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The Five Stages of Being a Mariner Fan

This article originally appeared in the July 2008 issue of The Grand Salami.

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July 2008 issue of the print mag

I only needed to read one sentence in the News-Tribune about the previous night’s Mariner game: “Sexson strikes out with bases loaded.” I shrugged, closed the page, and proceeded to read about politics. Contrary to past seasons, I didn’t look at the box score and take solace that some of the M’s players were doing well. Nor did I scream out against consistently using the most expensive Beer League players ever.

That’s because I’m in the fifth stage of being a Mariner fan: Apathy. Make that, utterly, hopelessly apathetic. And we haven’t even reached the All-Star Break yet…

For those of you unfamiliar with this system that I have just created, I will break it down for you. The first Stage of Being a Ma­riners Fan is Hope. Yes, everyone (including me) starts the season thinking This Is The Year. Last season, I had that Hope all the way into August, when I gave the Mariners a $4,000 six-month interest-free loan in the form of payment for playoff tickets. But this year, all the Hope I had was crushed back in January when I heard the first report that Adam Jones was taking a trip to Baltimore for a physical. So when I was reading spring training reports about how the Mariners were going to go all the way this year and wondering if the team has more influence over the media than George Bush does, I realized that I skipped Stage Two—Trepidation—altogether and was already in Stage Three: Anger.

It’s honestly painful to start off a season being so angry at a team that has been a huge focus in your life. When the Mari­ners actually pulled off a win on Opening Day, led by the pitcher whose trade had led to my descent into Anger, I rained on everyone’s parade. My friends asked me to stop looking at Jones’ and George Sherrill’s performances on the east coast and welcome our new ace, the pitcher who was going to lead us back to the postseason. While some of my friends had hope in April, I was still mired in my Anger.

I remember the day like it was, well, just two months ago. I was sitting in the freezing cold and sulking for four of the longest innings that any baseball fan has ever had to suffer through (such 40+ pitch innings I now dub “Batista Innings”). Then I remembered a basic lesson from Economics 101: Sunk Costs. I shouldn’t have to suffer endlessly just because I had paid for the tickets. By staying at what could qualify as a pathetic excuse for a Little League game, I was paying for the Mariners to waste my time. My time was better spent doing something else—even if that something turned out to be catching up on episodes of A Shot of Love with Tila Tequila. As I left the stadium wondering why the “brains” behind the organization couldn’t come to the same conclusion and dump all the high-priced non-performers and start the rebuilding process, I realized I had succumbed to the Fourth Stage of Being a Mariners Fan: Extreme Anger.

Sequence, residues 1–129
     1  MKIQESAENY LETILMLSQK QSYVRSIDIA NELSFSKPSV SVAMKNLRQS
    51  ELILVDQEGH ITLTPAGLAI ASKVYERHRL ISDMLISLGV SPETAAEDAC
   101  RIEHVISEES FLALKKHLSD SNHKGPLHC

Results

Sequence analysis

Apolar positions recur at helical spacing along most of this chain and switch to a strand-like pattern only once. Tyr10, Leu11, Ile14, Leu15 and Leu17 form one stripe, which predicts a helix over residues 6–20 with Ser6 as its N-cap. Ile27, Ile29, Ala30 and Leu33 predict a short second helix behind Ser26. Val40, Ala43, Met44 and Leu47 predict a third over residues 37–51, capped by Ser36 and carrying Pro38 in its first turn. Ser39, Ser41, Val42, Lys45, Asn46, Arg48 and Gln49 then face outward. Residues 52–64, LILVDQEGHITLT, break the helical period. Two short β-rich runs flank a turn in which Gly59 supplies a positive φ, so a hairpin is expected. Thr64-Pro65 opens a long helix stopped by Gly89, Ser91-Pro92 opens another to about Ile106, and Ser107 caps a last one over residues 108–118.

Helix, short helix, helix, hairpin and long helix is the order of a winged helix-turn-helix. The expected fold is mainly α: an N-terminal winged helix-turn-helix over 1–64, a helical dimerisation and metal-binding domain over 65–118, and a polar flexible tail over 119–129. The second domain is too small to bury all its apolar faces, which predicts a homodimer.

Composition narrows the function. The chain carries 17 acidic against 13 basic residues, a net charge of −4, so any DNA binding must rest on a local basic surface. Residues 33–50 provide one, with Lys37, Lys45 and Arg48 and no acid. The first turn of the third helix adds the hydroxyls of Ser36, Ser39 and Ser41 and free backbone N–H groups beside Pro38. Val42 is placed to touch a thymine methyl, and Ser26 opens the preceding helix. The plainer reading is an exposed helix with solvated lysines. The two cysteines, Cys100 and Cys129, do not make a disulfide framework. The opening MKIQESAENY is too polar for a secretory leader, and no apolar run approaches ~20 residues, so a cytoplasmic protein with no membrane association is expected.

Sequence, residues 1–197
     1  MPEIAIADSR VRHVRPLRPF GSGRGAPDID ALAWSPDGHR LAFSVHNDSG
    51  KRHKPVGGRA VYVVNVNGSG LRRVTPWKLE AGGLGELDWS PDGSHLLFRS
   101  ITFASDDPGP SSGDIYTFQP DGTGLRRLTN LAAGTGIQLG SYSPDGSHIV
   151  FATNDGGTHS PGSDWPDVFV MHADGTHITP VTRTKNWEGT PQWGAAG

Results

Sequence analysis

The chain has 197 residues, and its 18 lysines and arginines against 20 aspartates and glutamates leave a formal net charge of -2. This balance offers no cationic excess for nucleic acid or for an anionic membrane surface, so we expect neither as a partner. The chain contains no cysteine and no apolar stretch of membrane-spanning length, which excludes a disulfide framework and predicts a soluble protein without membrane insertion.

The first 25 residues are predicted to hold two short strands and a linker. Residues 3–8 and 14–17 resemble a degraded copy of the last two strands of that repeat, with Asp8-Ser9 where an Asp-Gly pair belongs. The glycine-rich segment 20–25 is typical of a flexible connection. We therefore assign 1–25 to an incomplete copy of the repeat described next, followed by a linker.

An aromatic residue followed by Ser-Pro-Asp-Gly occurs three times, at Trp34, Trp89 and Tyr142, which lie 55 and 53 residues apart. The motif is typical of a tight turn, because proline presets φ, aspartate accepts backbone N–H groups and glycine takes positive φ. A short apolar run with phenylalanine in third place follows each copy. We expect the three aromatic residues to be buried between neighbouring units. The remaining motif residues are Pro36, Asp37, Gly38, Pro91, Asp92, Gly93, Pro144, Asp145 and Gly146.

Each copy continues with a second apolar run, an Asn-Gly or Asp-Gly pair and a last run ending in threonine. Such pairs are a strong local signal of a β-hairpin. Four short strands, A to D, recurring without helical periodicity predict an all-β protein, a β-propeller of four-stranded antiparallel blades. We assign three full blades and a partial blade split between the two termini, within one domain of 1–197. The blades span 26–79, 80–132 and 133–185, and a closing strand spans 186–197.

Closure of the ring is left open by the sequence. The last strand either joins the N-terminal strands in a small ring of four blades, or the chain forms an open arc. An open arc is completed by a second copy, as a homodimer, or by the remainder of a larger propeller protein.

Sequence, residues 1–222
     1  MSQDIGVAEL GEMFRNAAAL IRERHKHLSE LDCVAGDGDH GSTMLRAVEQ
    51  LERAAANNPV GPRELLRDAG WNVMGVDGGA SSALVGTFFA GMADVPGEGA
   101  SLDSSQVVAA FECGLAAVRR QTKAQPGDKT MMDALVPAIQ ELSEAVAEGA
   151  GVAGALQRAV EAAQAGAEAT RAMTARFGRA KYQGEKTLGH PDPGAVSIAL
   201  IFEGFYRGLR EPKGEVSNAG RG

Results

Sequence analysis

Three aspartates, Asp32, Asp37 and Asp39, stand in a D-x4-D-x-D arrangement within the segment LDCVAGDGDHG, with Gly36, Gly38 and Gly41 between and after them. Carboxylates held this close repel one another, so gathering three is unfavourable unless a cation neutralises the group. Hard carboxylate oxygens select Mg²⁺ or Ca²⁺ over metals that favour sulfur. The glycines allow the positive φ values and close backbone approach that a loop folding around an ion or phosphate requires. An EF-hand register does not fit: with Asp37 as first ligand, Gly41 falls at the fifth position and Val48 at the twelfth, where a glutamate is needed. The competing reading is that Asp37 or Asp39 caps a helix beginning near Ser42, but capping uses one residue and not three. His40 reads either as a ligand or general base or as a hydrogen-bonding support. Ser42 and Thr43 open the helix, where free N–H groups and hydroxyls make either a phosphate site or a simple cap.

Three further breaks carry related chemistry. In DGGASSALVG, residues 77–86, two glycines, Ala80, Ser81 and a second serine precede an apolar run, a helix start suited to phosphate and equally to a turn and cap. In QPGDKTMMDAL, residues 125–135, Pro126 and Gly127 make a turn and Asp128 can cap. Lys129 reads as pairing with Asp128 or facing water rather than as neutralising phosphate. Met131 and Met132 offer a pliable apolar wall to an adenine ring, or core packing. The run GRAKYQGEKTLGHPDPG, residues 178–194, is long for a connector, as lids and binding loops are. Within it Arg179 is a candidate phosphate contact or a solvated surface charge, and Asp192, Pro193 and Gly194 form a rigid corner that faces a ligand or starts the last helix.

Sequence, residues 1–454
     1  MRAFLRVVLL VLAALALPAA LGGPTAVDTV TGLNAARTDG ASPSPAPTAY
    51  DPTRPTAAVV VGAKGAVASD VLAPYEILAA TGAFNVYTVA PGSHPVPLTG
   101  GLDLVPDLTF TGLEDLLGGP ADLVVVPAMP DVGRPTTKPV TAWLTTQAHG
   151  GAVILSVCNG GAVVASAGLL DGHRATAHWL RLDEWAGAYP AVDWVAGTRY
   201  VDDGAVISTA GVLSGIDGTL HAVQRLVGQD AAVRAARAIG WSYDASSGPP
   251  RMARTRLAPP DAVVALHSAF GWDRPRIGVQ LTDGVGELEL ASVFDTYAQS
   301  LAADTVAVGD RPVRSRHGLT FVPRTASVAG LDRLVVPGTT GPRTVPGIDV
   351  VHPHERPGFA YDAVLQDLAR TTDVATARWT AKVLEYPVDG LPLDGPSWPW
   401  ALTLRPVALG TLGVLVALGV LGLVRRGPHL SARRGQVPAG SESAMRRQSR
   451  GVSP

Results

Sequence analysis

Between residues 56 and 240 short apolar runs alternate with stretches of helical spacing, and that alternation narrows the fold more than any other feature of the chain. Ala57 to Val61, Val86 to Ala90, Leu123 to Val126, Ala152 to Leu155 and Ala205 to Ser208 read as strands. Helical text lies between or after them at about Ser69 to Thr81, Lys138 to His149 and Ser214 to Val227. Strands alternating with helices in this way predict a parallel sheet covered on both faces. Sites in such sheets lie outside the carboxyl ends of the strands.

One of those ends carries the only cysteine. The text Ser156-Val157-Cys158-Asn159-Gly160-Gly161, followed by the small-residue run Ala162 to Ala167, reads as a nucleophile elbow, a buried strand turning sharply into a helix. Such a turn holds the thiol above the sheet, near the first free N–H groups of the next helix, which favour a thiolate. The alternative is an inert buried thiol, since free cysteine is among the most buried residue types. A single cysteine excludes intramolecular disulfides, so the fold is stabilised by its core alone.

One of my friends is in that stage right now, and I’m trying very hard to help him through this difficult time in his life. I try not to have an “I told you so” attitude when he texts me from the game about former manager John McLaren’s inability to put together a lineup that can score more than two runs. I listen to his rants about overpaid veterans who can’t lay down a bunt. I feel bad, because a big part of my friend’s Extreme Anger is from forking over his hard earned money for season tickets. I know how miserable I would feel if I had spent several thousand dollars to watch the equivalent of the first half of the Bad News Bears 62 times this year. However, I think his recent acquiescence over the fact that I was right in not renewing my tickets may be a sign that he is joining me in the final, interminable stage of Being A Mari­ners Fan.

I knew I hit the Apathy stage the other day when I decided to sell the tickets to one of the few games I had bought tickets for (at a loss) and go to a Death Metal show instead. And as I stood in the pouring rain for an hour waiting for the show to start and listening to a debate about how to survive a crocodile attack, I could see Safeco Field rising out of the mist a few blocks away. Instead of the usual chills I feel whenever I see a sports stadium, I felt nothing. And even after the show started and my eardrums were bleeding and I was spending the majority of my time trying not to get beat up by female skinheads, I never once thought that I should have gone to the game instead.

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